AN historian is appealing for the family and friends of a soldier from Bury — who was one of the first to die on D-Day in 1944 — to come forward.

Roy Bailey, a committee member and newsletter editor of the Royal Green Jackets Association Oxford branch, is researching the life of Lance Corporal Fred Greenhalgh and wants to find out more about his family.

He was in a group of three gliders containing 30 men of “D” Company, 2nd Battalion, Oxfordshire and Buckinghamshire Light Infantry, and some Royal Engineers, which landed in a field in Bénouville, near to a bridge over the Caen Canal, which they quickly captured.

The group were the first to go into action on June 4, 1944, and the first to suffer fatal casualties, with Lance Cpl Greenhalgh being thrown from his glider as it landed and drowning in a nearby pond, aged 29.

Mr Bailey described Lance Cpl Greenhalgh’s story as one of the saddest stories of D-Day and is hoping to hear from his descendants to add to his research.

Fred Greenhalgh was born on July 12, 1914, to Sam and Lily and his last known address was in Duckworth Fold, Bury.

He originally enlisted into the Lancashire Fusiliers, before transferring into the Royal Welch Fusiliers and eventually joined the Oxfordshire and Buckinghamshire Light Infantry on July 27, 1942.

On D-Day, two of the three gliders had made a successful landing and Lance Cpl Greenhalgh’s glider came down to land after the second, but crash- landed and broke in half on impact, throwing him into a pond with the wreckage.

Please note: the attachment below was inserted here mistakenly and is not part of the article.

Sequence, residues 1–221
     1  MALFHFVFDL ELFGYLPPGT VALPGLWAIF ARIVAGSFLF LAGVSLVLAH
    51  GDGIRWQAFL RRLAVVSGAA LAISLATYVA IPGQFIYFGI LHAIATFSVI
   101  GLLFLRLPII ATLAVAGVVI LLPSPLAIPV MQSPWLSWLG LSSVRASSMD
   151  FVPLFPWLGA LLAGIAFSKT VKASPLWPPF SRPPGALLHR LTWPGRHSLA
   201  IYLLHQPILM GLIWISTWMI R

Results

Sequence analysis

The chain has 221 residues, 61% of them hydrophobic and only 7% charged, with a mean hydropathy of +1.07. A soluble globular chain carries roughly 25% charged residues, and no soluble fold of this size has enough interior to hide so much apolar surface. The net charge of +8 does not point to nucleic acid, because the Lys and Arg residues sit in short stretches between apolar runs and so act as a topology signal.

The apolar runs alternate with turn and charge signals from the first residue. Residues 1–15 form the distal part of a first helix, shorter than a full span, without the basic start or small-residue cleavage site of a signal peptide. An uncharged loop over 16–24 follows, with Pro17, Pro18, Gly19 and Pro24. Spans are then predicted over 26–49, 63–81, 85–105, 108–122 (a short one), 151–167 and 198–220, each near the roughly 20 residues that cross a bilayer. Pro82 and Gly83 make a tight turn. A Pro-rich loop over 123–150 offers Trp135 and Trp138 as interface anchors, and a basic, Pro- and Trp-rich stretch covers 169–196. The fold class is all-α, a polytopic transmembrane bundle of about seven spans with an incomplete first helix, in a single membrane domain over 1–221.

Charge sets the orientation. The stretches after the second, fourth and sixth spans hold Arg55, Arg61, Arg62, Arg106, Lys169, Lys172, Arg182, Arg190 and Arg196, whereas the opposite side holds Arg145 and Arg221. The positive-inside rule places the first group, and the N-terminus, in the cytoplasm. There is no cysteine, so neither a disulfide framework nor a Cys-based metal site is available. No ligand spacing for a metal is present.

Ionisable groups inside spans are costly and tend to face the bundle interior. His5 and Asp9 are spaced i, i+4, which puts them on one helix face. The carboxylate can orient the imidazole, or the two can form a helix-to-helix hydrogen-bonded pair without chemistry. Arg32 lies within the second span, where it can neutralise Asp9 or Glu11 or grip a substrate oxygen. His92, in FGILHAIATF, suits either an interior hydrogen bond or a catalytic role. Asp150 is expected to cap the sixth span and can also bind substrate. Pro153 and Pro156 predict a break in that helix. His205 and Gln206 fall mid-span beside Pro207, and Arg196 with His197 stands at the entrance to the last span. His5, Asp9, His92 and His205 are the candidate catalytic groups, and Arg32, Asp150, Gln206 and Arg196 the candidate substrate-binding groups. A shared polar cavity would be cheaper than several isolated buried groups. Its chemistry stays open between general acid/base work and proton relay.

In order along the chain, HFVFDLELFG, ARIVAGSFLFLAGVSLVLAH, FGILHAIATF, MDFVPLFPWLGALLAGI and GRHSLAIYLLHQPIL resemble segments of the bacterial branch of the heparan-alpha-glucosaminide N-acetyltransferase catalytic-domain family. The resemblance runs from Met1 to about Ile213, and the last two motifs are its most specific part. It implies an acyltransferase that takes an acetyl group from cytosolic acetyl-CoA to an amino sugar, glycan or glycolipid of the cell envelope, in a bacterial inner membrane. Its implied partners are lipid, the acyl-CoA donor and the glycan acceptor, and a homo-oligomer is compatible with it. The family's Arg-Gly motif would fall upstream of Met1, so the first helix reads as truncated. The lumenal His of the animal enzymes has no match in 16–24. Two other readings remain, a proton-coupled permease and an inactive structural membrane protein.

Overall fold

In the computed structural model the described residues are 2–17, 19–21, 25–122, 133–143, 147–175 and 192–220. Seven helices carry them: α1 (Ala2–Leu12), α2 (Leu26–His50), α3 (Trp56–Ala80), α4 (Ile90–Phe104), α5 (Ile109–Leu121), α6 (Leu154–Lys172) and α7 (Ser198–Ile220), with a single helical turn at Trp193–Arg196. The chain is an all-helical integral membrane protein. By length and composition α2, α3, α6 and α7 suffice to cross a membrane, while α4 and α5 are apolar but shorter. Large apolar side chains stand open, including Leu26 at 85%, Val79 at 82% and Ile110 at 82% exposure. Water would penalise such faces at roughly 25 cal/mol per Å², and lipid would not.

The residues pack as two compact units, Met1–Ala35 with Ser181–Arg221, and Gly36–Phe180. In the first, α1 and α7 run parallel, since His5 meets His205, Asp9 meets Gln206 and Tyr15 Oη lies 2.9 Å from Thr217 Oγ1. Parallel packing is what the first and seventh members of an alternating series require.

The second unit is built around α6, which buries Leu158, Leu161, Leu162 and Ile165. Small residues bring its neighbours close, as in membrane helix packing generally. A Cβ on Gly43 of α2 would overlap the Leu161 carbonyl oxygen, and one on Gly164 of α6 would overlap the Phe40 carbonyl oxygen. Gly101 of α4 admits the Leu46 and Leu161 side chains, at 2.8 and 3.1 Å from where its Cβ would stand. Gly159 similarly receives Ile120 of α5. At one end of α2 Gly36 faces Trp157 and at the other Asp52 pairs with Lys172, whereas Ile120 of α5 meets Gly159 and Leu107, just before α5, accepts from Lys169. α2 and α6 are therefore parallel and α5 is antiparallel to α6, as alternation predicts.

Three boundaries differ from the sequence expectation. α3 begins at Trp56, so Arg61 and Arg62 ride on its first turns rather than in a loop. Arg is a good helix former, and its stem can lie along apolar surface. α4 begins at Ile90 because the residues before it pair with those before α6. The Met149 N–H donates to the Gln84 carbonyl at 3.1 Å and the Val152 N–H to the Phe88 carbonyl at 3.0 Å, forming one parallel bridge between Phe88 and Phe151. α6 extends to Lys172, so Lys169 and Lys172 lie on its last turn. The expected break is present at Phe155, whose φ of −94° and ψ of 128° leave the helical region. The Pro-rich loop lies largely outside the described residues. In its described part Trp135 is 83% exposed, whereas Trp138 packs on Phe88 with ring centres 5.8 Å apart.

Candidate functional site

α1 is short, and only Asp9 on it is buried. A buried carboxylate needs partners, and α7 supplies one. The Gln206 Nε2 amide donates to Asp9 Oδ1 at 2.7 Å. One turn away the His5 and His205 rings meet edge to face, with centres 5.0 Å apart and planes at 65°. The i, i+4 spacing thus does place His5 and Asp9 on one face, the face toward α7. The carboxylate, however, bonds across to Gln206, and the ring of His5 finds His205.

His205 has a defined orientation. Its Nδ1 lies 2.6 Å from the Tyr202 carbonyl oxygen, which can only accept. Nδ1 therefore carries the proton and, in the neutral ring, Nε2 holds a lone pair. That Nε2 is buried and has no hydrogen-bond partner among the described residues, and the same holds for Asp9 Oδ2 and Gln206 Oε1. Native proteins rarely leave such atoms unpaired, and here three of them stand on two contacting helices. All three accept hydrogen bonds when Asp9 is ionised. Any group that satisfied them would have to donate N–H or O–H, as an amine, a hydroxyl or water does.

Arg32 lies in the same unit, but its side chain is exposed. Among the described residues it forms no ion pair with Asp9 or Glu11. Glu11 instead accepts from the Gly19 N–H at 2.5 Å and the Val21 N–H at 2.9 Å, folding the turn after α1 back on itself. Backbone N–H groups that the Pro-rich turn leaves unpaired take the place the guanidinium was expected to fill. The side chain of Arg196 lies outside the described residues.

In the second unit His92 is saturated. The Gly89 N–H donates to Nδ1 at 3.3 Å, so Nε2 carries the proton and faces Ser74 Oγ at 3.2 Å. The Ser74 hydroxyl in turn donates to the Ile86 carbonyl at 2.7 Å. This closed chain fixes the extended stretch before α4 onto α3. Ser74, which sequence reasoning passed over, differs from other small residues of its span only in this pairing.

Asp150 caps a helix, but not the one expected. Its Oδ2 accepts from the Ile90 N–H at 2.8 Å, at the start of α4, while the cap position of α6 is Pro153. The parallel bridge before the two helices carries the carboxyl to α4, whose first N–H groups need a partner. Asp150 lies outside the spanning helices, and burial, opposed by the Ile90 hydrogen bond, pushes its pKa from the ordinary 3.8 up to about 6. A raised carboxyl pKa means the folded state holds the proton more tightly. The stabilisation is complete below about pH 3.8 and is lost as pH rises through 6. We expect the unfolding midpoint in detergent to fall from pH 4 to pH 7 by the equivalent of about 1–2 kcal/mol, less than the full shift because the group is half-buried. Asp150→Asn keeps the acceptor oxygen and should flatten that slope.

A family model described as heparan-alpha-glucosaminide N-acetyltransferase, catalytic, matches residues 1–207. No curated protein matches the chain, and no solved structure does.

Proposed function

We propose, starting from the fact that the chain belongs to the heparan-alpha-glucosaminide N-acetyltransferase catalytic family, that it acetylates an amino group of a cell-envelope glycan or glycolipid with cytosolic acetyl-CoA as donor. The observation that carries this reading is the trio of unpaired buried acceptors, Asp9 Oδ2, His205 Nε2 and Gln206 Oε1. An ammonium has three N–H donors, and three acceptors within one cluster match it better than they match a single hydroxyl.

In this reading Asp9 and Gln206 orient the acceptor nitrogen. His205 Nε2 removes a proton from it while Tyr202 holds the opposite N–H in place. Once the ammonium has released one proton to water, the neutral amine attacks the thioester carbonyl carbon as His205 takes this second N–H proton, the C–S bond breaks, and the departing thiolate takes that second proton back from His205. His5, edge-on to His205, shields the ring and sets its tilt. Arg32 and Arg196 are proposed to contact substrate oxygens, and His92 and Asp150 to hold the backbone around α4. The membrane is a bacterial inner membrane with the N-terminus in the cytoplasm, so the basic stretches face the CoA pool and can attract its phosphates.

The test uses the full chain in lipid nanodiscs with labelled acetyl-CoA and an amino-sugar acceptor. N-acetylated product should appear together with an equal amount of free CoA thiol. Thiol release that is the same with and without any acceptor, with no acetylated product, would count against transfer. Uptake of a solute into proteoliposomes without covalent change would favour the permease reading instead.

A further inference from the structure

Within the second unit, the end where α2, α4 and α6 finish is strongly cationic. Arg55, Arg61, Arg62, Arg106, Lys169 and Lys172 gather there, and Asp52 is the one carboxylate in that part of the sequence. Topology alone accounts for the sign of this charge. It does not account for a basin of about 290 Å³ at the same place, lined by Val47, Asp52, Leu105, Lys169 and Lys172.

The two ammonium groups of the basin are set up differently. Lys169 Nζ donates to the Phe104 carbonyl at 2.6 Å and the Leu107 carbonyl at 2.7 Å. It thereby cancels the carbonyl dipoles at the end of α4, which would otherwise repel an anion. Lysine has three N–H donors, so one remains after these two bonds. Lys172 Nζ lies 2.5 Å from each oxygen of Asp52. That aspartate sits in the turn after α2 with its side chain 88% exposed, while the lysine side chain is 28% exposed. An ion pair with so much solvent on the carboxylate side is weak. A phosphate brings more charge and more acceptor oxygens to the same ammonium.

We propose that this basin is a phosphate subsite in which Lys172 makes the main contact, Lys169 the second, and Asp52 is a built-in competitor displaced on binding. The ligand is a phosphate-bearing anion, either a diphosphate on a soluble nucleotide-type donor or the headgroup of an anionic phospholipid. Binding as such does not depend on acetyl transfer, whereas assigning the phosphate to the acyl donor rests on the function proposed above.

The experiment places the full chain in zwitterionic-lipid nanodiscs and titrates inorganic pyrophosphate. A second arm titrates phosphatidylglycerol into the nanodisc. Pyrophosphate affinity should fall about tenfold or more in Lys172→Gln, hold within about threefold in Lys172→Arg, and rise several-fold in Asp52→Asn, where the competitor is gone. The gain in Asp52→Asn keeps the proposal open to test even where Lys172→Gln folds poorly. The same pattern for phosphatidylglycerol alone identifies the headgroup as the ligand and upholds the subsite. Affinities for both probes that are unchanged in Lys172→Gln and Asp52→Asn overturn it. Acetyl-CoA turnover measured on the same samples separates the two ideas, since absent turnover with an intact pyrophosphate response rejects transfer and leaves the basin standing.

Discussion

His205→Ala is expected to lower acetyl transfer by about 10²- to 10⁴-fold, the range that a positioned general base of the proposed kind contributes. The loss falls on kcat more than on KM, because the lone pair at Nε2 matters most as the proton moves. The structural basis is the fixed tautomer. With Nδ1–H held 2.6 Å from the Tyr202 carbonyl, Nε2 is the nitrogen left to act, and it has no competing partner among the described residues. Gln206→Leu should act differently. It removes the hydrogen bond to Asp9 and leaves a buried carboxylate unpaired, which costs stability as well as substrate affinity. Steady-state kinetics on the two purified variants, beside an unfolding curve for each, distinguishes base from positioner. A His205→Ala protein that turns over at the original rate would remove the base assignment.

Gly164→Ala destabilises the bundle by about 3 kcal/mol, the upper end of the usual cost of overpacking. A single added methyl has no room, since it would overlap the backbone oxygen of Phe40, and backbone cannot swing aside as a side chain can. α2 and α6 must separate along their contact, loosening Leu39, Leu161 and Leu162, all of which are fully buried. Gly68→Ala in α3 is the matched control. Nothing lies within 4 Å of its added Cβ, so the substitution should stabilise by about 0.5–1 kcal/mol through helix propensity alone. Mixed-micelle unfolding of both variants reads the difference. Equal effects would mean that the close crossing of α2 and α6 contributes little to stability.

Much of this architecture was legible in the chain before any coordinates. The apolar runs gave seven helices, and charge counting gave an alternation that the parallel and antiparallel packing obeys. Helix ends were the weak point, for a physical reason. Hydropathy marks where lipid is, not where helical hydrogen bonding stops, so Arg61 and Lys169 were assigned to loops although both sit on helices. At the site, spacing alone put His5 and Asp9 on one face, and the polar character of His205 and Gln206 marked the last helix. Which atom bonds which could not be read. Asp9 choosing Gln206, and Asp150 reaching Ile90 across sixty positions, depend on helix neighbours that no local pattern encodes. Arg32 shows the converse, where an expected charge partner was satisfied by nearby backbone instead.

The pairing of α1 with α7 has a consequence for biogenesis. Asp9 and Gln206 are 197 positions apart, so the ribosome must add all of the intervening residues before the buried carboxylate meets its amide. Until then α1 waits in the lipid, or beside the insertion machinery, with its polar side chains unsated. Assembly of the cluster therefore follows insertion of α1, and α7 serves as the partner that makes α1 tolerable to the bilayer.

The account of how the glider came to crash and kill Lance Cpl Greenhalgh is disputed, but it is believed that he became trapped in the wreckage of the glider.

Other soldiers survived and walked away after only suffering concussion.

Lance Cpl Greenhalgh is buried in La Delivrande War Cemetery at Douvres, about six miles from Bénouville.

Mr Bailey said Lance Cpl Greenhalgh’s sacrifice has been largely ignored and hopes he can bring it to the attention of the public.

He said: “It was the most tragic of accidents. Horsa gliders are made almost entirely of wood, but there are parts that are harder than others and Fred Greenhalgh must have struck some substantial part as he was thrown out.

“Had he been rendered unconscious and landed on dry ground, he would likely have recovered and played his part in the operation.

“Had he landed in the water while conscious, as the two pilots of his glider did, he would also have been able to carry on.

“If he was trapped in the wreckage in water, then that would have been fatal. It is unlikely that the exact circumstances of his death will ever be known.”

Anyone with information can contact Mr Bailey by emailing oldharry99-40@